Audiences generating their own knowledge — both knowing-that and knowing-how — is one key to rethinking the role of knowledge amid the pervasive hesitance to embrace science and journalism characteristic of the Anthropocene. The rhetorical community that emerges from this sort of work can short-circuit how we artful agents are transforming our surroundings by opening new possibilities for collective action. However, institutional resources are not allocated sufficiently to support this kind of work and thereby enable widespread transformations in practice. Inertia prevails, and so long as people are still not allocating resources properly to live well together with the rest of life on this planet, knowledge producers of all kinds may be grouped with other bad faith actors because they too promote delusional conspiracies — about their own capacity to change.

Robert Bailey is associate professor of art history at the University of Oklahoma.

3 thoughts on “Moving: Rethinking Knowledge Production in the Anthropocene

  1. Thanks for this very creative post, Robert. I’m really impressed with your “trailer,” and I look forward to the full immersive experience. I’m eager to take in the trace of your experience on your trip, and to encounter your thoughts about it.

    And I agree completely that the urgency of our situation now calls for some sort of change to intellectual business as usual. Doing the same things in the same ways indeed seems like it doesn’t meet the emotional demands of our moment (though sometimes I wonder whether anything could …).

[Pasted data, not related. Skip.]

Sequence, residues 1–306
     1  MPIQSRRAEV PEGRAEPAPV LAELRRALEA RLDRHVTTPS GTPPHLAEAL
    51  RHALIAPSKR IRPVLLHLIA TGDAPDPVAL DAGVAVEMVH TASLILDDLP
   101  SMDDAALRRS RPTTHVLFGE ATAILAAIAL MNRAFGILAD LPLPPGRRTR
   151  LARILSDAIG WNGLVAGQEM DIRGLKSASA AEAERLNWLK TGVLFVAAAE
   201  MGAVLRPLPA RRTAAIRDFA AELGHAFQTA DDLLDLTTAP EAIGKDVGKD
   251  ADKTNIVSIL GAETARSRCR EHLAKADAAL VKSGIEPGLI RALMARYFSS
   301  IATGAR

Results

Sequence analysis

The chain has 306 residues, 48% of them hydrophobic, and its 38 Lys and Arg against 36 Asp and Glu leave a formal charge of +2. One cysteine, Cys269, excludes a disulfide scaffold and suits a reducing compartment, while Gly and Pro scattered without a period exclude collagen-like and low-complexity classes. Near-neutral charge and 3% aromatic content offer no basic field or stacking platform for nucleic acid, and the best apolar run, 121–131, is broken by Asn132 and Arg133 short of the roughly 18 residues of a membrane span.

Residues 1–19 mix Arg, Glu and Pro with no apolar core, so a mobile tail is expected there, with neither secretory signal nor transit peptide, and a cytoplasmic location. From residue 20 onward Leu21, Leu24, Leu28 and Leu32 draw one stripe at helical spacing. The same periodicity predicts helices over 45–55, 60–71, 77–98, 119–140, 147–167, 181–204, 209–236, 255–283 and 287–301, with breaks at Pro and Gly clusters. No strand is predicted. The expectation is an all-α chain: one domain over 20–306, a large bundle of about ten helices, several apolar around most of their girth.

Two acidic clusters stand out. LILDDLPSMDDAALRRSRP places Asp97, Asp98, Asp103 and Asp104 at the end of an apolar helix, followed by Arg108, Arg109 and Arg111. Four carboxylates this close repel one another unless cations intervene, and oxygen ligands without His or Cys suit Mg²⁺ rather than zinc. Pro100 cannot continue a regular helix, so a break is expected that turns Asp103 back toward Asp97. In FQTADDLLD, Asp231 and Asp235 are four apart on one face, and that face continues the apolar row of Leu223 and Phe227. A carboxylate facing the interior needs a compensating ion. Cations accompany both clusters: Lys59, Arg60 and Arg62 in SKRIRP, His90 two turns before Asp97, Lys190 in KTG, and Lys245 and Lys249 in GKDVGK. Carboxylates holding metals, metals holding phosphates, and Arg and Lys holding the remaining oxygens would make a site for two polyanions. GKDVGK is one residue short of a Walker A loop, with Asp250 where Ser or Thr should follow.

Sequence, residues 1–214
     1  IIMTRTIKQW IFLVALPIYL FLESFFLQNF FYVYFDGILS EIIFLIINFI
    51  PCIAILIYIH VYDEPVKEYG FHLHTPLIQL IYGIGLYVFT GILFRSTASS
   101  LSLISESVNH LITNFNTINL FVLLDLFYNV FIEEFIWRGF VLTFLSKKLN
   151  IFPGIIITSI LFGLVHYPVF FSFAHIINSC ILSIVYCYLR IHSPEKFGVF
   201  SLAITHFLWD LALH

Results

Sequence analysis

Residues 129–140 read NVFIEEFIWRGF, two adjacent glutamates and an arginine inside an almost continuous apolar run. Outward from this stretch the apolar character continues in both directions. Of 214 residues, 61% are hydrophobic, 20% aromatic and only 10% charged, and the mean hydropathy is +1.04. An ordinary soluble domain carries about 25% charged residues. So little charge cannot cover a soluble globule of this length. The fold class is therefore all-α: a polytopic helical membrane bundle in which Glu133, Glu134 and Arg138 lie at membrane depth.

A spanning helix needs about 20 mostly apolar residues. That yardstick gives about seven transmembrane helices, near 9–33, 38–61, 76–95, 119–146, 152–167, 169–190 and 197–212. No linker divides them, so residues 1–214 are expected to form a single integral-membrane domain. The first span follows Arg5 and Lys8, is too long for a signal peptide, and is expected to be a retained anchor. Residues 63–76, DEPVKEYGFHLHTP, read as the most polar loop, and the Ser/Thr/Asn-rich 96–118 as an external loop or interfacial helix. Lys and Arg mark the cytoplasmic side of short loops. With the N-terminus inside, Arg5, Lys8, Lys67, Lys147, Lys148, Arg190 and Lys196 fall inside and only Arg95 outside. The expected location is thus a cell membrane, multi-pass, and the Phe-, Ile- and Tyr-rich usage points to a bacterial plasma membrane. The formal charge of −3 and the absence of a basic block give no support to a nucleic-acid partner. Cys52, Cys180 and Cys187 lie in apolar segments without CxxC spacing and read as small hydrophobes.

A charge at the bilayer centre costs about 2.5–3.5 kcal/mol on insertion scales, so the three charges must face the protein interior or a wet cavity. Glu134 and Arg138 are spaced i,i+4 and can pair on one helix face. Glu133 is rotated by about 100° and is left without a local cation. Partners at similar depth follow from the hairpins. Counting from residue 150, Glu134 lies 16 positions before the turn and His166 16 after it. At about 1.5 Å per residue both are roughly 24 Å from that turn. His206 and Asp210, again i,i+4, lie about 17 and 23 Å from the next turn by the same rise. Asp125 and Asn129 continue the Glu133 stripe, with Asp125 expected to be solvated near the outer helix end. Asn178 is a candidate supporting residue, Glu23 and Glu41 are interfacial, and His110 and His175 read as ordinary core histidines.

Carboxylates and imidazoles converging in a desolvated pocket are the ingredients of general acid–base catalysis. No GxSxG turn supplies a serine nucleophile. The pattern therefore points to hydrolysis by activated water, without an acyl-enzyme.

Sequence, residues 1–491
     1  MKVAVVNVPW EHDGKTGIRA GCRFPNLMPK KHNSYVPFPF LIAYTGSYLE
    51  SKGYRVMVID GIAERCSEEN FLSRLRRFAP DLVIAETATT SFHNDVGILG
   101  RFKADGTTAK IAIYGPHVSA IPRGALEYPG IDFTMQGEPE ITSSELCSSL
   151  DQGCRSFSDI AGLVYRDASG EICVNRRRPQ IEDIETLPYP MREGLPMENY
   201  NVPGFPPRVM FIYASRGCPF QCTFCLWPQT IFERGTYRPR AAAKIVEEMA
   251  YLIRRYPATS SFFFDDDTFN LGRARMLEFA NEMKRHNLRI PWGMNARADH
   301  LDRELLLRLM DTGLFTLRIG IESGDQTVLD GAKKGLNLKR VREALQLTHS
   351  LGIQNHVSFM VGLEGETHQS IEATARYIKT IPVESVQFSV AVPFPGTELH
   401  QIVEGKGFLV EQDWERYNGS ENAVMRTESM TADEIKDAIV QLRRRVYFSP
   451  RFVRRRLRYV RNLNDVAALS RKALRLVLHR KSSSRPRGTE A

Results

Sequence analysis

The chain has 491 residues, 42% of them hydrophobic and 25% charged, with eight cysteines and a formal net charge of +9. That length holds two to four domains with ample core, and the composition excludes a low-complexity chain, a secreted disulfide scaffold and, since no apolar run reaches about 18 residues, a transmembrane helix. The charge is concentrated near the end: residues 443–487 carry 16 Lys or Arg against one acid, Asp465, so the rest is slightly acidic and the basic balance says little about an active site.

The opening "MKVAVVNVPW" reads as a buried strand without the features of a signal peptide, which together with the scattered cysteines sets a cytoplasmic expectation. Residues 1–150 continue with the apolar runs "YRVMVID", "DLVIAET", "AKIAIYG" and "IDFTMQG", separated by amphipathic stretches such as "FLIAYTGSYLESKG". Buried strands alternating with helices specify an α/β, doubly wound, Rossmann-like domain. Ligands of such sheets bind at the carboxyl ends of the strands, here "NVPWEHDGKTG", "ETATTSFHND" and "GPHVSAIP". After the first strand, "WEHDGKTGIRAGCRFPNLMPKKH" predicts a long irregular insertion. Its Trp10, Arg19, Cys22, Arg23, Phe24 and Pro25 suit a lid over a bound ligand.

But I do feel that there is something to be said for the older, more conventional mode of presentation, the written text—specifically by way of contrast to the audiovisual form you are developing with Moving. For me this has to do with temporality. With the audio visual form—and with performance in general—the presenter is “in control” of the temporality, so the audience member must keep up with what is being presented, or lose the thread. When reading a text, of course, the “audience member” is in control of the temporality, and can take in the ideas at a pace that allows for full attention.

    The temporal feature is related to the idea of interactivity. Certainly Q&A after a talk is a form of interactivity even in the context of a “performance” (i.e. where the temporality is controlled by the speaker). But I think the kind of interaction the blog format facilitates, based on the uncontrolled temporality of writing, is particularly valuable. Obviously comments can be massively unhelpful. But in the best case, freed from the temporal pressure of an event during which they must be presented, they can be tremendously productive.